I couldn't help but feel like I was being watched from a dark corner or something. I knew I was just being paranoid, but I wasn't familiar with this sensation. I tried not to act suspicious as I quickly glanced up every now and then to check for someone sneaking a camera under their jacket. I've learned paparazzi tricks over the years. Now I was on the lookout for them.

Little kids rushed by our table. I wondered why I wasn't seeing more teenagers, but then I remembered that today was a weekday. Kids and teenagers were in school right now. A woman wearing a teal sweater stopped two of the kids from running. The kids shared similar facial features of the nose and cheekbones. Siblings. The woman was their mother, apparently.

I searched for that one young adult that would come running up to Trent and me. There was always a fan around places like this. I would be immediately recognized, and then when the person saw Trent's face, he or she would recognize him, too. He was well known in Ninjago partly because of me.

The plate slid back to me. The sushi and salmon were gone, but the browned rice remained. "You sure?" Trent asked.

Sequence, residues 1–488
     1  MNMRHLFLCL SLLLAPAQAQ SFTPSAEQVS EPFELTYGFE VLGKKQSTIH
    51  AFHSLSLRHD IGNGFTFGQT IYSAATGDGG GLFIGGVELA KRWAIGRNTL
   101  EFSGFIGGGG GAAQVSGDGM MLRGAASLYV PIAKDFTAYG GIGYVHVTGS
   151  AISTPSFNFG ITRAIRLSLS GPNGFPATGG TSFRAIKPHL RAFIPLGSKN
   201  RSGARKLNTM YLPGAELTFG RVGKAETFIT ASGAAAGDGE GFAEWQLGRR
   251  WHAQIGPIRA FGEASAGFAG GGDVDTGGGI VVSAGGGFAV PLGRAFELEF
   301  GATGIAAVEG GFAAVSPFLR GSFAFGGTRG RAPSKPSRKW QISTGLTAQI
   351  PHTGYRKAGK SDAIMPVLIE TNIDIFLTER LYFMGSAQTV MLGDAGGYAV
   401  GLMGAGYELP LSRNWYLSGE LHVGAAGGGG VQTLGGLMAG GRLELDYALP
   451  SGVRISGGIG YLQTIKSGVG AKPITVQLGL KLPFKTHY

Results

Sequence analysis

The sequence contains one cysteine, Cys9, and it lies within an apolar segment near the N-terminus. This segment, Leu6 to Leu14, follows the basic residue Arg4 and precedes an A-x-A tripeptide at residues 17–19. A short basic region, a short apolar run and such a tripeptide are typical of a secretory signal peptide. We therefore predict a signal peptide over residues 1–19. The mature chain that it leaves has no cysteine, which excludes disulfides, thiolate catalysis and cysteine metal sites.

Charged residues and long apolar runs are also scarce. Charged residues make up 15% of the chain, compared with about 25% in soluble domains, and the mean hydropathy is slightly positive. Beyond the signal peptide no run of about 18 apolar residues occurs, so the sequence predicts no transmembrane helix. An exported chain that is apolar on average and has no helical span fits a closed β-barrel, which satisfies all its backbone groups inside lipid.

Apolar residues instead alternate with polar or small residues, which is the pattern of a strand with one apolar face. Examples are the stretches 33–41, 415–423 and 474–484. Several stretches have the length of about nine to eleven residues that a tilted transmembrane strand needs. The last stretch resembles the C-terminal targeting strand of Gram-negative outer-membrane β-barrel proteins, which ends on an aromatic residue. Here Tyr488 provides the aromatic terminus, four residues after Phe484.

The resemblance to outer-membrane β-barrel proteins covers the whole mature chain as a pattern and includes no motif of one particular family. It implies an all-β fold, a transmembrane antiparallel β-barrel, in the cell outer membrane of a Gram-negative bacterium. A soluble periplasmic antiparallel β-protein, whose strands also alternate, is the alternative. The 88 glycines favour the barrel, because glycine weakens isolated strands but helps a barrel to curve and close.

I wanted to sigh but kept it to myself. "Yes, I'm sure. I'm not hungry. Honest." I slid it back to him.

"Alright," he breathed. He picked up the plate and set it on the conveyer belt. It glided away from us. I put my phone away, ready to leave this dump.

Trent didn't get up. "Still want to head out to the storage locker?" he asked.

I didn't respond at first. His stupid question irritated me. I just wasn't in the mood.

"Well, my stash of old soccer balls is in there, and we can't really make the video without them, so what do you think?" I casually spat.

He gave me a surprised look. Remorse settled into my stomach, forcing flames to crawl up to my face. He was taking me out on a playdate so he could help me through my loss. This was originally planned just so we hang out as friends, but now it was Trent's personal mission to be a true friend and help me through my recent loss. He didn't deserve ugliness for what he was doing for me. I shouldn't've said what I said. It was much uncalled for.